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Doomed

Graham Hough, 3 December 1981

Ah, but your land is beautiful 
by Alan Paton.
Cape, 270 pp., £6.95, November 1981, 0 02 241981 0
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A Flag for Sunrise 
by Robert Stone.
Secker, 402 pp., £6.95, November 1981, 9780436496813
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Something Else 
by Virginia Fassnidge.
Constable, 152 pp., £5.95, October 1981, 0 09 464340 7
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The Air We Breathe 
by Gabriel Josipovici.
Harvester, 114 pp., £6.95, November 1981, 0 7108 0056 8
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... world, outside the realm of fiction. One of the most famous of these came out in 1948: it was Alan Paton’s Cry, the beloved country, so intimately bound up with South African history that Paton had to write a preface to distinguish those parts which are formally fiction. ‘As a social record,’ he ...

Rivonia Days

R.W. Johnson: Remembering the trial, 16 August 2007

The State v. Nelson Mandela: The Trial That Changed South Africa 
by Joel Joffe.
Oneworld, 288 pp., £16.99, July 2007, 978 1 85168 500 4
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... called many people to plead in mitigation but almost all of them found better things to do. Only Alan Paton, who disagreed fundamentally with the use of violence, testified for the accused, brushing aside Yutar’s hysterical attempts to ‘unmask’ him (this despite the fact that it was virtually unheard of for a prosecutor to attack a witness in ...

A Dangerous Occupation

R.W. Johnson: The Land Wars of Southern Africa, 1 June 2000

... Arthur Mitchell, who farms in the Ixopo area of KwaZulu-Natal among the beautiful hills in which Alan Paton set Cry, the Beloved Country. He said that he’d bought the farm mainly because he wanted to build it up for his son, Michael, who worked alongside him. But a month ago he’d driven into Ixopo to get some provisions when the farm radio in his ...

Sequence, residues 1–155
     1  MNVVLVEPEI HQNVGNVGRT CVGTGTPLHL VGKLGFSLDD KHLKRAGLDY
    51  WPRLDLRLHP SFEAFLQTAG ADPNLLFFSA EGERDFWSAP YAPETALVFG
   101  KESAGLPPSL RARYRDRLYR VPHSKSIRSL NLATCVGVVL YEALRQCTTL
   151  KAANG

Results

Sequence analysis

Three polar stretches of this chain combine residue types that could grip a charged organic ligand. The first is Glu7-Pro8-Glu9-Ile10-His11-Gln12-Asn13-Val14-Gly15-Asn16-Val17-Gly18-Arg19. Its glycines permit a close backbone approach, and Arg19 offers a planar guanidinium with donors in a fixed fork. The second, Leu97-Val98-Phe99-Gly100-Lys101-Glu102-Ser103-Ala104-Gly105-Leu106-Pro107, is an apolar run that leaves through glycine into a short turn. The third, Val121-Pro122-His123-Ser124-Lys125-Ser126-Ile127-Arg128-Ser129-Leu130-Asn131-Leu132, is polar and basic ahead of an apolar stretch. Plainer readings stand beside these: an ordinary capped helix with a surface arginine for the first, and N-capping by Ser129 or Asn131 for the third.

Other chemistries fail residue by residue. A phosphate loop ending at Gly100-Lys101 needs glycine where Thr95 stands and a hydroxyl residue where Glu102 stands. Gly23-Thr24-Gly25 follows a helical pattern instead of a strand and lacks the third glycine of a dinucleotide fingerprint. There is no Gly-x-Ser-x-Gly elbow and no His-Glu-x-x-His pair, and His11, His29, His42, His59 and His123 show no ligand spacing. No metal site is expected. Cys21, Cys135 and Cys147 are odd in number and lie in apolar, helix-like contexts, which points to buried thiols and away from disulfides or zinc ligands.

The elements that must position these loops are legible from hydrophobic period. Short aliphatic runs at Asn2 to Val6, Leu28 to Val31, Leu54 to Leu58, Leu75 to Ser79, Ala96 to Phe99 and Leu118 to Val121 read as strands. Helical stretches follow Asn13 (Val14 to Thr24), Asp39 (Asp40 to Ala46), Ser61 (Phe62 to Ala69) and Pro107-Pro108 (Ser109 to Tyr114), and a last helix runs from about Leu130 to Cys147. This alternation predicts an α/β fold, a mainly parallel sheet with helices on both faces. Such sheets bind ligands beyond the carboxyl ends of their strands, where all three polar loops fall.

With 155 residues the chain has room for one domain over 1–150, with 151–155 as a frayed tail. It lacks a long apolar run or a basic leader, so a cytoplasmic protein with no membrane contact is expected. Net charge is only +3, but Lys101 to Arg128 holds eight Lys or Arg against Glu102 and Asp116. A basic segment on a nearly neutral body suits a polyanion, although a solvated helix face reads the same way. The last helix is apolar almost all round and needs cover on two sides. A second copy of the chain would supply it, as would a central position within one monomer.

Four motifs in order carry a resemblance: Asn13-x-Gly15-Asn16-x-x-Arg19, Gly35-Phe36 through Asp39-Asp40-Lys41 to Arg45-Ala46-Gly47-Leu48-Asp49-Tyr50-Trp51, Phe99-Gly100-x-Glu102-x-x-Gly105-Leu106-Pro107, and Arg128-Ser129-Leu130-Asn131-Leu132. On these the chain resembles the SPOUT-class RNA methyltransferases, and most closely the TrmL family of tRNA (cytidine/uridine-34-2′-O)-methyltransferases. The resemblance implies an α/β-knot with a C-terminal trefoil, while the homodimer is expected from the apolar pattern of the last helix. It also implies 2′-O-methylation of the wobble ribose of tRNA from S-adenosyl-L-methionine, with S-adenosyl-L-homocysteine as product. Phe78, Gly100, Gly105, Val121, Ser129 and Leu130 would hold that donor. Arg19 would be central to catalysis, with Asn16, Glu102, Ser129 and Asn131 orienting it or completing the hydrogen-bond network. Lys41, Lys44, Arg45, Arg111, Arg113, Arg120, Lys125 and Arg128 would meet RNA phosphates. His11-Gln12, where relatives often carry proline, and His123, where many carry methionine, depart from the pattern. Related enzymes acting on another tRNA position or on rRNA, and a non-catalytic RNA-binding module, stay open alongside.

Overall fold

Diary

John Bayley: Serious Novels, 10 November 1994

... seemed to inspire some of the best novels, notably James Kelman’s How late it was, how late, Alan Hollinghurst’s The Folding Star, Anita Brookner’s A Private View, Candia McWilliam’s Debatable Land. A heterogeneous assortment, but in each case the subject and its world had found the author, not the other way round. Kelman’s tremulously alcoholic ...

Lord Eskgrove’s Indecent Nose

Rosalind Mitchison, 24 January 1980

Lord Cockburn: A Bicentenary Commemoration 
edited by Alan Bell.
Scottish Academic Press, 204 pp., £6, December 1980, 0 7073 0245 5
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... world of new styles in politics and architecture: the First he held with, the second deplored. As Alan Bell remarks, Cockburn’s ‘experience was almost exclusively Scottish’, yet one journey abroad, a Classical education and the experience of Scotland in its greatest days of self-esteem, when it could be believed that the answers to the social and moral ...

Into Africa

J.D.F. Jones, 19 April 1990

My Traitor’s Heart 
by Rian Malan.
Bodley Head, 349 pp., £14.95, April 1990, 0 370 31354 2
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... younger and less wise comrades that he is becoming an Uncle Tom. Ja-nee? Consider, if you will, Alan Paton’s most famous line, spoken by a Christian black: ‘One day, when they turn to loving they will find we are turned to hating.’ De Klerk has only offered negotiation, which is a long way short of love, but perhaps true negotiation is at least a ...

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